Theravada

Theravada Buddhism

Introduction

Theravada (literally, “the Teaching of the Elders”, or “the Ancient Teaching”) is the oldest surviving Buddhist school, and for many centuries has been the predominant religion of Sri Lanka and most of continental South east Asia including Laos, Thailand, Burma, and Cambodia.

Theravada (literally, “the Teaching of the Elders”, or “the Ancient Teaching”) is the oldest surviving Buddhist school, and for many centuries has been the predominant religion of Sri Lanka and most of continental South east Asia including Laos, Thailand, Burma, and Cambodia.

Theravada (literally, “the Teaching of the Elders”, or “the Ancient Teaching”) is the oldest surviving Buddhist school, and for many centuries has been the predominant religion of Sri Lanka and most of continental South east Asia including Laos, Thailand, Burma, and Cambodia.

Philosophy

Theravada promotes the concept of Vibhajjavada, literally “Teaching of Analysis.” This doctrine says that insight must come from the aspirant’s experience, critical investigation, and reasoning instead of by blind faith; however, the scriptures of the Theravadin tradition also emphasize heeding the advice of the wise, considering such advice and evaluation of one’s own experiences to be the two tests by which practices should be judged.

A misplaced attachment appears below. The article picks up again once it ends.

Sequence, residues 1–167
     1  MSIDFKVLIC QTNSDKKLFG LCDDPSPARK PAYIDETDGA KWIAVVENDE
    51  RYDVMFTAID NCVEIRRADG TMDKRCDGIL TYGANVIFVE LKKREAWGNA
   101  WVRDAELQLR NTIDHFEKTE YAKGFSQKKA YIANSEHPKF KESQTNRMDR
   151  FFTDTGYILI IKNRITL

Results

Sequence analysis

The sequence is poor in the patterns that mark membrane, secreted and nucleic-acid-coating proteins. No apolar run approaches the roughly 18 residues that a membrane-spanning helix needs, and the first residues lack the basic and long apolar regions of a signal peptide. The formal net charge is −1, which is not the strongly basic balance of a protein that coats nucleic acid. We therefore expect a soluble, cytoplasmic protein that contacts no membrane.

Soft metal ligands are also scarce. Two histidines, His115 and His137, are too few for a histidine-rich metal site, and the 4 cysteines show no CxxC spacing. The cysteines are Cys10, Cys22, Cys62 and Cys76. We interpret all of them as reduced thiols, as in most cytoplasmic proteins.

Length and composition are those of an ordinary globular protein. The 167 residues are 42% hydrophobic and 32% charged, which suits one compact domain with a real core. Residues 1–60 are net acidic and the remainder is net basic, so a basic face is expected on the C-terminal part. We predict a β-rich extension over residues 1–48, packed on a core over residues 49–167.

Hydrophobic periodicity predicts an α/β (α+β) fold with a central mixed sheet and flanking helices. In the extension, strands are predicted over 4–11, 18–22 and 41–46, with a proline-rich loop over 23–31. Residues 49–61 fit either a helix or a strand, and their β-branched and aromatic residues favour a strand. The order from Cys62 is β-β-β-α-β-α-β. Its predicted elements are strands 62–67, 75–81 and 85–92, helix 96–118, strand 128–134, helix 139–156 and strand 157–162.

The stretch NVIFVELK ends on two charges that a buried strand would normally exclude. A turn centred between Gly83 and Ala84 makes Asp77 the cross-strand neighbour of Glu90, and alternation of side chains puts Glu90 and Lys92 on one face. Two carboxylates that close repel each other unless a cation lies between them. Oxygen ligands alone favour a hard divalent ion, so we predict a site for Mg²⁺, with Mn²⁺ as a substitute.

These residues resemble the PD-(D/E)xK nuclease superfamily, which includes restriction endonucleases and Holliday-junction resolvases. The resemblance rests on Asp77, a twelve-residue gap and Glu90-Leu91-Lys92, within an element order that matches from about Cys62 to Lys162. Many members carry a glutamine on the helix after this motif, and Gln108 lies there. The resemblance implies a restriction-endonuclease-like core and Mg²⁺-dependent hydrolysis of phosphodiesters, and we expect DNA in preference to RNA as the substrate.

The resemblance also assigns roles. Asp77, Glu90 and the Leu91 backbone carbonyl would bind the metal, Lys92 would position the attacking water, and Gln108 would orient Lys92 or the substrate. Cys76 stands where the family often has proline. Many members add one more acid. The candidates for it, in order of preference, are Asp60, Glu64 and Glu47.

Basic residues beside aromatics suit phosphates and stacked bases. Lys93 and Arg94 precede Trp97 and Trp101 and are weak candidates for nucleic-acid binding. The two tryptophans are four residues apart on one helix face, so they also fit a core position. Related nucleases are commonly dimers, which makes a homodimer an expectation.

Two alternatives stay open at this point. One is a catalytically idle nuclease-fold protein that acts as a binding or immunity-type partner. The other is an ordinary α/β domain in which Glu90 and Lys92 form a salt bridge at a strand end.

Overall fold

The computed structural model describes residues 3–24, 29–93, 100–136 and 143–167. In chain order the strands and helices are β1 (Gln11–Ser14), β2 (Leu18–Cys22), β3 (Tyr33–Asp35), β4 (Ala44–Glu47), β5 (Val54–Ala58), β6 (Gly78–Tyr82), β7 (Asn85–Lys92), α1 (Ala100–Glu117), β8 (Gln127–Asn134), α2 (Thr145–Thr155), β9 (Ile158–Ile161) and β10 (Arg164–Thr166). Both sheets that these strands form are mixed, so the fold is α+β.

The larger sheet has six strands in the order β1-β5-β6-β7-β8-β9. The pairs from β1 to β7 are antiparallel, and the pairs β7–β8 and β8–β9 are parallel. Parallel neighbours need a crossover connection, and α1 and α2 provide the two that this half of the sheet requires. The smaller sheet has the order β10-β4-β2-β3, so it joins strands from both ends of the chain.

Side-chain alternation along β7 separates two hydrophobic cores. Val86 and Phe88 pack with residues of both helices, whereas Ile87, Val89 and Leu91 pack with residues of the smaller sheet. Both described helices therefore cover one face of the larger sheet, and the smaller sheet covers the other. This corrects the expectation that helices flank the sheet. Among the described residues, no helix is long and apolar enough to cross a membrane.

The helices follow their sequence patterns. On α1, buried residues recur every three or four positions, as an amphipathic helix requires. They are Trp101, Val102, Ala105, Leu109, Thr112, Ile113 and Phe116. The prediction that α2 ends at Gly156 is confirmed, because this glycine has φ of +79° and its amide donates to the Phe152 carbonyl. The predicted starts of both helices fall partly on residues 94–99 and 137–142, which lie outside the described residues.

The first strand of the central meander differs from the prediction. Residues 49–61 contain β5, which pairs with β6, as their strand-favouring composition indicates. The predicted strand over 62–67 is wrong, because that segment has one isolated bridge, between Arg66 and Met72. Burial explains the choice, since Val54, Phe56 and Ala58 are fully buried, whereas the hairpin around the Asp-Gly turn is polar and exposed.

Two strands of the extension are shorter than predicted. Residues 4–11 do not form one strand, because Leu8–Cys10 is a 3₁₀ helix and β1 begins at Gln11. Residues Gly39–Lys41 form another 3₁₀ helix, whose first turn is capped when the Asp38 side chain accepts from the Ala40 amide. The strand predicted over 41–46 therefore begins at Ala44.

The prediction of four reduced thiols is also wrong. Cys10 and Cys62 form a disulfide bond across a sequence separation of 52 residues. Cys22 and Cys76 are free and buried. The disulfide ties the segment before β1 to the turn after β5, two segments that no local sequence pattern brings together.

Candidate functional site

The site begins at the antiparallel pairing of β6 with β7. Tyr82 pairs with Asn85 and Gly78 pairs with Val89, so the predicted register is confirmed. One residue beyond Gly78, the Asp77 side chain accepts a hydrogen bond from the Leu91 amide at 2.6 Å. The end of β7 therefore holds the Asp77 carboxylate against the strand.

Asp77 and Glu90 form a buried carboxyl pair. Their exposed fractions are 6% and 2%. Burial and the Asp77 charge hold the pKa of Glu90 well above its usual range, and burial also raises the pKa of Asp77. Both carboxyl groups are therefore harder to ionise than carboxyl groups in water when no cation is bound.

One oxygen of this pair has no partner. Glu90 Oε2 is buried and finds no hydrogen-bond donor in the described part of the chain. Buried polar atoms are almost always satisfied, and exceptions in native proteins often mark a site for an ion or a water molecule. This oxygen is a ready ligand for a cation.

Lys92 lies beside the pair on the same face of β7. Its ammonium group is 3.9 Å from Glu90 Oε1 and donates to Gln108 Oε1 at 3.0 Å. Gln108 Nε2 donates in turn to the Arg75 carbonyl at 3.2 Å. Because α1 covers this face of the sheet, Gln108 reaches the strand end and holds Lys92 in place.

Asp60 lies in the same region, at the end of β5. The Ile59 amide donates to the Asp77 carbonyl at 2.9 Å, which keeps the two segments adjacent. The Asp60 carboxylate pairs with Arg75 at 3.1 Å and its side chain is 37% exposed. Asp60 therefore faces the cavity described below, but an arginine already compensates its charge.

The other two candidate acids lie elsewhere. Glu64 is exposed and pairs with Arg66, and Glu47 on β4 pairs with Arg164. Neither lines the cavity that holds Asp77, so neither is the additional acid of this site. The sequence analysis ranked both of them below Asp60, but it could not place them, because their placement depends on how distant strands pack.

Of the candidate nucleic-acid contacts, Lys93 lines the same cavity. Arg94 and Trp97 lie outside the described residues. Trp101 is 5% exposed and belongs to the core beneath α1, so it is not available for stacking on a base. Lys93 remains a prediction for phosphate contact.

The Theravadin goal is liberation (or freedom) from suffering, according to the Four Boble Truths. This is attained in the achievement of Nibbana, or Unbinding which also ends the repeated cycle of birth, old age, sickness and death. Theravada teaches that Nibbana is most quickly attained as an enlightened noble disciple of Buddha: an Arahant (lit. “worthy one”, “winner of Nibbana”).

The Theravadin goal is liberation (or freedom) from suffering, according to the Four Boble Truths. This is attained in the achievement of Nibbana, or Unbinding which also ends the repeated cycle of birth, old age, sickness and death. Theravada teaches that Nibbana is most quickly attained as an enlightened noble disciple of Buddha: an Arahant (lit. “worthy one”, “winner of Nibbana”).

In Theravadin belief, some people who practice with earnestness and zeal can achieve Enlightenment (Nibbana) within a single lifetime, as did many of the first few generations of Buddha’s disciples. For others, the process may take multiple lifetimes, with the individual reaching higher and higher states of awareness.